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Arduino communication

Your Android application needs an Arduino sketch as a counterpart. Here you can find a basic template that shows how to initialize your accessory descriptor to let Android knows that an accessory is connected to the system:

#include <adk.h>

#define RCVSIZE 128

// Accessory descriptor. It's how Arduino identifies itself in Android.
char accessoryName[] = "Terminal echo";
char manufacturer[] = "Example, Inc.";
char model[] = "Terminal-echo";

char versionNumber[] = "0.1.0";
char serialNumber[] = "1";
char url[] = "http://www.example.com";

USBHost Usb;
ADK adk(&Usb, manufacturer, model, accessoryName, versionNumber, url, serialNumber);
uint8_t buffer[RCVSIZE];
uint32_t readBytes = 0;

void setup() {
    // Some setup operations
}

Arduino and the Android Manifest

Accessory descriptor defines how your accessory identifies itself with the Android system. These values should be the same defined in the res/xml/usb_accessory_filter.xml file otherwise your accessory will not find a suitable application to communicate with:

  • versionNumer
  • model
  • manufacturer

You can use url variable to open an external link when any application capable to manage this accessory is found. In this web page you can provide more information about how to configure your accessory.

Note

You can also target a .apk package or a Google Play Store URL where users can download and install your app.

Interacting with Android

When you're connecting your accessory to Android you can have the following scenarios:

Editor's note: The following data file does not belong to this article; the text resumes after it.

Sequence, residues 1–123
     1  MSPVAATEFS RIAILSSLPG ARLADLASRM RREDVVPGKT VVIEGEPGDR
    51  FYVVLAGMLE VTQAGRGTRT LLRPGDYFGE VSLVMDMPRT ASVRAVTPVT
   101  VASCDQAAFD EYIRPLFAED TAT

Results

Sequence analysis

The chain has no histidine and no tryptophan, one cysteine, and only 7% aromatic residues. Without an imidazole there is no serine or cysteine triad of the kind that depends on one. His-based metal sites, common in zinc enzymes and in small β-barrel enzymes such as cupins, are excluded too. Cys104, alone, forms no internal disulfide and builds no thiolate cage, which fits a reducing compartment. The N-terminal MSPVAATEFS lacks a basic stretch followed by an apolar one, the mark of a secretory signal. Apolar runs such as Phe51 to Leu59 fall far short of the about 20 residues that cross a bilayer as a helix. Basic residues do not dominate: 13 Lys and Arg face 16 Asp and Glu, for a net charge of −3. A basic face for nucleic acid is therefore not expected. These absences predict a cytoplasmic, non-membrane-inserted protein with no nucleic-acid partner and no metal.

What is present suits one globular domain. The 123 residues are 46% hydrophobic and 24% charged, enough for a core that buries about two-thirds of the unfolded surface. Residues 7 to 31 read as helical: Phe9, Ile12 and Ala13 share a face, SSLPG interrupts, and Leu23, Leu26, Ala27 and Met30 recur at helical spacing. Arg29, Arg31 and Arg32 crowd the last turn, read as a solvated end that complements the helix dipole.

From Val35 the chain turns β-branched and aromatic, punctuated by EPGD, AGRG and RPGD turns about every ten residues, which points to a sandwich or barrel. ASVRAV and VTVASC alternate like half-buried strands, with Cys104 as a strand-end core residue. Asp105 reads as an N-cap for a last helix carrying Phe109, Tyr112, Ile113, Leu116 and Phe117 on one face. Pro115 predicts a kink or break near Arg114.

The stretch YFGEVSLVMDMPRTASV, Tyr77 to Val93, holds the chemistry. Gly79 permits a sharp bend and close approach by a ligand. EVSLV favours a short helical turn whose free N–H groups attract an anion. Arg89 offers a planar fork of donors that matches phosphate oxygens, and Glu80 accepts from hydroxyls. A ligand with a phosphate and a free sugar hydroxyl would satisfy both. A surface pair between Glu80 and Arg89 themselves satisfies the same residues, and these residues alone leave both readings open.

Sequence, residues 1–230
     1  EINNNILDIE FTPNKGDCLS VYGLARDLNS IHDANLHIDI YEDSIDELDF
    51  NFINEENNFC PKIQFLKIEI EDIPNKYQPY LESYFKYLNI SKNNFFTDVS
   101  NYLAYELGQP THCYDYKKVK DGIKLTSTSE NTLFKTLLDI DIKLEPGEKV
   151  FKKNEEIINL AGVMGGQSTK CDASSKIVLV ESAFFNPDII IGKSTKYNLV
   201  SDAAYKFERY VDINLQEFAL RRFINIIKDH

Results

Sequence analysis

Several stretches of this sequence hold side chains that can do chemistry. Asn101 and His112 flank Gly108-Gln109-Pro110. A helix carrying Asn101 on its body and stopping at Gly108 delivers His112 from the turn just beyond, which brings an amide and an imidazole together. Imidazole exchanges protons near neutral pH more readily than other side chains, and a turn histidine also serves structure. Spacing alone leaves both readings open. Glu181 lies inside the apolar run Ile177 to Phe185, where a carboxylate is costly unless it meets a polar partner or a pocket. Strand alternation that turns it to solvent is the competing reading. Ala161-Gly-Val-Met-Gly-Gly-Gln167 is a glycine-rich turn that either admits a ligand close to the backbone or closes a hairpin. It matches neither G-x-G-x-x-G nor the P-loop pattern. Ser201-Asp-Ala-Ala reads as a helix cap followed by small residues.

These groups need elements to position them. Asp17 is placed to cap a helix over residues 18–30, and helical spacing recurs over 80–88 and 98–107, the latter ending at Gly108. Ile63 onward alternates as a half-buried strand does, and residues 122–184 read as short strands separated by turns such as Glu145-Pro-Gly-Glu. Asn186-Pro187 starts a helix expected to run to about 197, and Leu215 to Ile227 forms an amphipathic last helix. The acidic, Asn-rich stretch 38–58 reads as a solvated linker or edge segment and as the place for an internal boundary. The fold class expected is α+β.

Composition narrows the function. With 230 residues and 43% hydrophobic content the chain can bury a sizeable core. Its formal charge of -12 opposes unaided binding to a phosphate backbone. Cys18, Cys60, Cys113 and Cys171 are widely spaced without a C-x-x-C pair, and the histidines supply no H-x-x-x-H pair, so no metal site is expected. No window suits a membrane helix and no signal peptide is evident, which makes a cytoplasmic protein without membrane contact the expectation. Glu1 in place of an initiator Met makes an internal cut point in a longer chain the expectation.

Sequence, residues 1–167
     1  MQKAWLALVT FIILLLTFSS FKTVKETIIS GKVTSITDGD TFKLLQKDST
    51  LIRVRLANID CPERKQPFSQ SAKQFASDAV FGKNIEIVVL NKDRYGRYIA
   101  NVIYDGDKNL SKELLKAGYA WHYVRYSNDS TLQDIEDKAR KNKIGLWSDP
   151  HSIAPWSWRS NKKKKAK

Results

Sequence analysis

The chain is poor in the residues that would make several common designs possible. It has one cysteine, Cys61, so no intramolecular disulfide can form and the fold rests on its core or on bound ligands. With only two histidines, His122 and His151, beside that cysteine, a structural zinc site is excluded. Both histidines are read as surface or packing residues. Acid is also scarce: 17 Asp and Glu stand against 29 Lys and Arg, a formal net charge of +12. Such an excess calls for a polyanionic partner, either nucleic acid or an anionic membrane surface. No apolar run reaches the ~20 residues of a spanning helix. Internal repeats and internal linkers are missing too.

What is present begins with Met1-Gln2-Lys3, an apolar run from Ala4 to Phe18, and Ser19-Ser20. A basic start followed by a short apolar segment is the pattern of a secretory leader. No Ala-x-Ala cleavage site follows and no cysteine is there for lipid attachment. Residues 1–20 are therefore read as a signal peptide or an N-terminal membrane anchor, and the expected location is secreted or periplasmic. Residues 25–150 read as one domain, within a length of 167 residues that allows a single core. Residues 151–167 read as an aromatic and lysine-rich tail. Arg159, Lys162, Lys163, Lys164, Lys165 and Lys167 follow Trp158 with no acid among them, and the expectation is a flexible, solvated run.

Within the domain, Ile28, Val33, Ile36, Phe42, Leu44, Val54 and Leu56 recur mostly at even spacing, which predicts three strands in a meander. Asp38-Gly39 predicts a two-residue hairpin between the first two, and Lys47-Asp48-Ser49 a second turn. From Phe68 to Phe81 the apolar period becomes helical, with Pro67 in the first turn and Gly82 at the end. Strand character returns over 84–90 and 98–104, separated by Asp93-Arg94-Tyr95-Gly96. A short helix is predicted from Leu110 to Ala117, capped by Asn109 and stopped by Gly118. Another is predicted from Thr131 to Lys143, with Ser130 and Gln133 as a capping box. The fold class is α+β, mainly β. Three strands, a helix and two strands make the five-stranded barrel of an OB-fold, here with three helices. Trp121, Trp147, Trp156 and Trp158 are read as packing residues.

• You want to collect data from your accessory (maybe some sensors) and send them back to your

Android application * You want to provide to users an interaction, using the Android user interface, and do some actions with accessory actuators

Despite what is the scope of your accessory, the following are brief examples how you can read and write data from your Arduino sketch.

Reading

Within your loop() function, add the following code to read data from the ADK buffer:

// readBytes, RCVSIZE and buffer are declared in the first snippet

void loop() {
    Usb.Task();

    if (adk.isReady()){
        adk.read(&readBytes, RCVSIZE, buffer);
        if (readBytes > 0){
            // Do something with buffer
        }
    }
    // Don't forget a delay in your sketch :)
}

Writing

If you want to send data to your Android device, use the following snippet:

// buffer is already declared in the first snippet

void loop() {
    Usb.Task();

    if (adk.isReady()){
        adk.write(sizeof(buffer), buffer);
    }
    // Don't forget a delay in your sketch :)
}

Remember that if the accessory needs both the writing and the reading phase, it could be a good idea to use two different buffer objects; for this reason you may want to declare two uint8_t buffers.

Simple echo sketch

You can use this sketch to create an echo accessory which sends received characters back to Android:

uint8_t readingBuffer[RCVSIZE];
uint8_t writingBuffer[RCVSIZE];

void setup() {
    // Nothing to do with this sketch
}

void loop() {
    Usb.Task();

    if (adk.isReady()){
        adk.read(&readBytes, RCVSIZE, readingBuffer);
        if (readBytes > 0){
            adk.write(readBytes, writingBuffer);
        }
    }
}